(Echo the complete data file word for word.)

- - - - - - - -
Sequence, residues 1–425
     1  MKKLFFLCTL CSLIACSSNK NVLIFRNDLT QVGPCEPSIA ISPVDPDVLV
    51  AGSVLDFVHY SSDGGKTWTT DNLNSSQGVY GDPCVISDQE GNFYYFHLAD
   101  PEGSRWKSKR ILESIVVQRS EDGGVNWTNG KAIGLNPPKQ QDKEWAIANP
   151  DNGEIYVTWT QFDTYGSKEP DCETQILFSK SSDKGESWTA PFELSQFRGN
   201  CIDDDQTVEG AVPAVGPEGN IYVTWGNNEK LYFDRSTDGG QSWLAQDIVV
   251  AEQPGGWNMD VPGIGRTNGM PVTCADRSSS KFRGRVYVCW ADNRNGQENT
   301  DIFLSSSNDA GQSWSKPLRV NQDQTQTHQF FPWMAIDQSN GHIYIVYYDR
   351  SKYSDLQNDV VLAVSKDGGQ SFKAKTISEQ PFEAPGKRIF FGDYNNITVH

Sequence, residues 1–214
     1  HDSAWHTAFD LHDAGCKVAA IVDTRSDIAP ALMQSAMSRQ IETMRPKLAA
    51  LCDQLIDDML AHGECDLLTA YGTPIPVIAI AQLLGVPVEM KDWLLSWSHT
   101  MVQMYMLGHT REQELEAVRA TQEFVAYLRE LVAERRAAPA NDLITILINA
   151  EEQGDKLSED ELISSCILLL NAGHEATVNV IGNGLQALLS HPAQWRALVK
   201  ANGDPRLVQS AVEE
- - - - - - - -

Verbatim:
Sequence, residues 1–425
     1  MKKLFFLCTL CSLIACSSNK NVLIFRNDLT QVGPCEPSIA ISPVDPDVLV
    51  AGSVLDFVHY SSDGGKTWTT DNLNSSQGVY GDPCVISDQE GNFYYFHLAD
   101  PEGSRWKSKR ILESIVVQRS EDGGVNWTNG KAIGLNPPKQ QDKEWAIANP
   151  DNGEIYVTWT QFDTYGSKEP DCETQILFSK SSDKGESWTA PFELSQFRGN
   201  CIDDDQTVEG AVPAVGPEGN IYVTWGNNEK LYFDRSTDGG QSWLAQDIVV
   251  AEQPGGWNMD VPGIGRTNGM PVTCADRSSS KFRGRVYVCW ADNRNGQENT
   301  DIFLSSSNDA GQSWSKPLRV NQDQTQTHQF FPWMAIDQSN GHIYIVYYDR
   351  SKYSDLQNDV VLAVSKDGGQ SFKAKTISEQ PFEAPGKRIF FGDYNNITVH

Sequence, residues 1–214
     1  HDSAWHTAFD LHDAGCKVAA IVDTRSDIAP ALMQSAMSRQ IETMRPKLAA
    51  LCDQLIDDML AHGECDLLTA YGTPIPVIAI AQLLGVPVEM KDWLLSWSHT
   101  MVQMYMLGHT REQELEAVRA TQEFVAYLRE LVAERRAAPA NDLITILINA
   151  EEQGDKLSED ELISSCILLL NAGHEATVNV IGNGLQALLS HPAQWRALVK
   201  ANGDPRLVQS AVEE